Acts Chapter 22 - King James Version of The Holy Bible
In the close of the foregoing chapter we had Paul bound, according to Agabus's prophecy of the hard usage he should receive from the Jews at Jerusalem, yet he had his tongue set at liberty, by the permission the chief captain gave him to speak for himself; and so intent he is upon using that liberty of speech which is allowed him, to the honour of Christ and the service of his interest, that he forgets the bonds he is in, makes no mention of them, but speaks of the great things Christ had done for him with as much ease and cheerfulness as if nothing had been done to ruffle him or put him into disorder. We have here, I. His address to the people, and their attention to it (v. 1, 2). II. The account he gives of himself. 1. What a bigoted Jew he had been in the beginning of his time (v. 3-5). 2. How he was miraculously converted and brought over to the faith of Christ (v. 6–11). 3. How he was confirmed and baptized by the ministry of Ananias (v. 12–16). 4. How he was afterwards called, by an immediate warrant from heaven, to be the apostle of the Gentiles (v. 17–21). III. The interruption given him upon this by the rabble, who could not bear to hear any thing said in favour of the Gentiles, and the violent passion they flew into upon it (v. 22, 23). IV. Paul's second rescue out of the hands of the rabble, and the further course which the chief captain took to find out the true reason of this mighty clamour against Paul (v. 24, 25). V. Paul's pleading his privilege as a Roman citizen, by which he was exempted from this barbarous method of inquisition (v. 26–29). VI. The chief captain's removing the cause into the high priest's court, and Paul's appearing there (v. 30).
Paul had, in the last verse of the foregoing chapter, gained a great point, by commanding so profound a silence after so loud a clamour. Now here observe,
I. With what an admirable composure and presence of mind he addresses himself to speak. Never was poor man set upon in a more tumultuous manner, nor with more rage and fury; and yet, in what he said, 1. There appears o fright, but his mind is sedate and composed. Thus he makes his own words good, None of these things move me; and David's (Ps. 3:6), I will not be afraid of ten thousands of people that have set themselves against me round about. 2. There appears no passion. Though the suggestions against him were all frivolous and unjust, though it would have vexed any man alive to be charged with profaning the temple just then when he was contriving and designing to show his respect to it, yet he breaks out into no angry expressions, but is led as a lamb to the slaughter.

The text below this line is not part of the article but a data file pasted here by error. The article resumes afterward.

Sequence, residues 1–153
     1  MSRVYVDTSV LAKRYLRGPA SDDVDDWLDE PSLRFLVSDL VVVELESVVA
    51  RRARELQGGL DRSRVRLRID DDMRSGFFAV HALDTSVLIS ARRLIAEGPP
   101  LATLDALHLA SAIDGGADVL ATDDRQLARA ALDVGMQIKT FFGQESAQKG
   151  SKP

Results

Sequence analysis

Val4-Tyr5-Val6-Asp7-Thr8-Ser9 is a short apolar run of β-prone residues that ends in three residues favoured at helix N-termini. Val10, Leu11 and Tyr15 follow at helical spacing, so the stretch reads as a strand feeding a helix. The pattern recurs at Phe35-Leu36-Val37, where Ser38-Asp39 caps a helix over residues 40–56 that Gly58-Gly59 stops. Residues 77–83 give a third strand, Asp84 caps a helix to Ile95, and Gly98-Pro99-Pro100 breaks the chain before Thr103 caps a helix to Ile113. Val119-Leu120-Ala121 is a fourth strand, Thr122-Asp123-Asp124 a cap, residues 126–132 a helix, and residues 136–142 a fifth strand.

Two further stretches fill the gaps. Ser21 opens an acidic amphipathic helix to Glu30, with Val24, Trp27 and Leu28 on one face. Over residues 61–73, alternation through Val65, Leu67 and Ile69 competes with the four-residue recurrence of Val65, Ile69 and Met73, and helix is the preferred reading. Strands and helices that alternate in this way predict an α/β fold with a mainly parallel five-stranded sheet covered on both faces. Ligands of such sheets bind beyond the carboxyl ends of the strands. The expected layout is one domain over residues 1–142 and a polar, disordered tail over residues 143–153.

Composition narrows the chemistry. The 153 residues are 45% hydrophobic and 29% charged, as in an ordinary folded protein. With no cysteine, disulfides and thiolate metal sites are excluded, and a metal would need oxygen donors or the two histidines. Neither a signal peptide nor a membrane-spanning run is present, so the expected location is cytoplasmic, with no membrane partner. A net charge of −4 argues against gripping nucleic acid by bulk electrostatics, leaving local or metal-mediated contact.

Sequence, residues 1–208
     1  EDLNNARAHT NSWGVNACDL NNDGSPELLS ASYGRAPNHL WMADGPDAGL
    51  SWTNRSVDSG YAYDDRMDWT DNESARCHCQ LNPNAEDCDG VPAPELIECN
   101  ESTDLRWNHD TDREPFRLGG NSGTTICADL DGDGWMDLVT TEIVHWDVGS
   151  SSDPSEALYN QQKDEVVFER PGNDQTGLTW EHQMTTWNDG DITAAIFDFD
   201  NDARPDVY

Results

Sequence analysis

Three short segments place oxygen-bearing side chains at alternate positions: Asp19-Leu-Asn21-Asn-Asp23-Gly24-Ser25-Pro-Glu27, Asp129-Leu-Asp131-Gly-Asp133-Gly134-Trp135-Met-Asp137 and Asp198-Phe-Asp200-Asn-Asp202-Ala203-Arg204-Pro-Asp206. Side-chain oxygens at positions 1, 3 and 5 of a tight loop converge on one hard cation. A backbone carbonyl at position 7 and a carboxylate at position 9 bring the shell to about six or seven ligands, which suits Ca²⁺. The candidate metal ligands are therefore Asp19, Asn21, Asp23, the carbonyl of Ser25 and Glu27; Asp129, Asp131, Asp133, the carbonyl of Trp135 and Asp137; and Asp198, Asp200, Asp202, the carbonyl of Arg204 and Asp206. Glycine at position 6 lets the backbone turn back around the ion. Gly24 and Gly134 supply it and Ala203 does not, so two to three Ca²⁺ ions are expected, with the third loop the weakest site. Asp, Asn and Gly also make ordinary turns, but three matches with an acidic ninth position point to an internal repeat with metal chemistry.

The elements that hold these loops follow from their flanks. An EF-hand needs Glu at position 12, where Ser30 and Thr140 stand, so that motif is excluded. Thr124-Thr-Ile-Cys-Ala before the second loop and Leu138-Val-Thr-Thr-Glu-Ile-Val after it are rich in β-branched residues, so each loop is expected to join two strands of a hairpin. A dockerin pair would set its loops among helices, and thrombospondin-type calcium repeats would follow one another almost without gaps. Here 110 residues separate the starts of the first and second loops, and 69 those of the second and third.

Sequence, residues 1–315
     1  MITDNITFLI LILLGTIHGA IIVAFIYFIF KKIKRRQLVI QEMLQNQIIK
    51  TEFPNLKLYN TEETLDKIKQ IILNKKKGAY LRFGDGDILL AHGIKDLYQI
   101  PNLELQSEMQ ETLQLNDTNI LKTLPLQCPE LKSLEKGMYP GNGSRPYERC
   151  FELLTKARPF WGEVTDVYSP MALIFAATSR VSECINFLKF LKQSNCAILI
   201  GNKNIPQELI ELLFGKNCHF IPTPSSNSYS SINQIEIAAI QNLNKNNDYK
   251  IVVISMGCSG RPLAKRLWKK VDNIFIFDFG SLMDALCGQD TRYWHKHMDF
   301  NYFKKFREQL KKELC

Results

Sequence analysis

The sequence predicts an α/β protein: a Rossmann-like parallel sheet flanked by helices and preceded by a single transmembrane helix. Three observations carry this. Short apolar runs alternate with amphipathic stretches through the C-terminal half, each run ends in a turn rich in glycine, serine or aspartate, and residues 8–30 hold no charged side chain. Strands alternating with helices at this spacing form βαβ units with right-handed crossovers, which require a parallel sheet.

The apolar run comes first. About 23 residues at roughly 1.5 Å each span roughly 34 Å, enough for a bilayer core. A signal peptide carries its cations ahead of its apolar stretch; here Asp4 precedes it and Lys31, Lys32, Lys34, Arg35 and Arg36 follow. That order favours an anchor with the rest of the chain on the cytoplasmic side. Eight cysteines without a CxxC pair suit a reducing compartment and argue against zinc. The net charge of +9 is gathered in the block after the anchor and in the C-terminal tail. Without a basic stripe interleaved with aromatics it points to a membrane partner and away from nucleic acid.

II. What respectful titles he gives even to those who thus abused him, and how humbly he craves their attention: "Men, brethren, and fathers, v. 1. To you, O men, I call; men, that should hear reason, and be ruled by it; men, from whom one may expect humanity. You, brethren of the common people; you, fathers of the priests.'' Thus he lets them know that he was one of them, and had not renounced his relation to the Jewish nation, but still had a kindness and concern for it. Note, Though we must not give flattering titles to any, yet we ought to give titles of due respect to all; and those we would do good to we should endeavour not to provoke. Though he was rescued out of their hands, and was taken under the protection of the chief captain, yet he does not fall foul upon them, with, Hear now, you rebels; but compliments them with, Men, brethren, and fathers. And observe, he does not exhibit a charge against them, does not recriminate, Hear now what I have to say against you, but, Hear now what I have to say for myself: Hear you my defence; a just and reasonable request, for every man that is accused has a right to answer for himself, and has not justice done him if his answer be not patiently and impartially heard.
III. The language he spoke in, which recommended what he said to the auditory; He spoke in the Hebrew tongue, that is, the vulgar language of the Jews, which, at this time, was not the pure Old-Testament Hebrew, but the Syriac, a dialect of the Hebrew, or rather a corruption of it, as the Italian of the Latin. However, 1. It showed his continued respect to his countrymen, the Jews. Though he had conversed so much with the Gentiles, yet he still retained the Jews' language, and could talk it with ease; by this it appears he is a Jew, for his speech betrayeth him. 2. What he said was the more generally understood, for that was the language every body spoke, and therefore to speak in that language was indeed to appeal to the people, by which he might have somewhat to insinuate into their affections; and therefore, when they heard that he spoke in the Hebrew tongue, they kept the more silence. How can it be thought people should give any attention to that which is spoken to them in a language they do not understand? The chief captain was surprised to hear him speak Greek (ch. 21:37), the Jews were surprised to hear him speak Hebrew, and both therefore think the better of him. But how would they have been surprised if they had enquired, as they ought to have done, and found in what variety of tongues the Spirit gave him utterance! 1 Co. 14:18, I speak with tongues more than you all. But the truth is, many wise and good men are therefore slighted only because they are not known.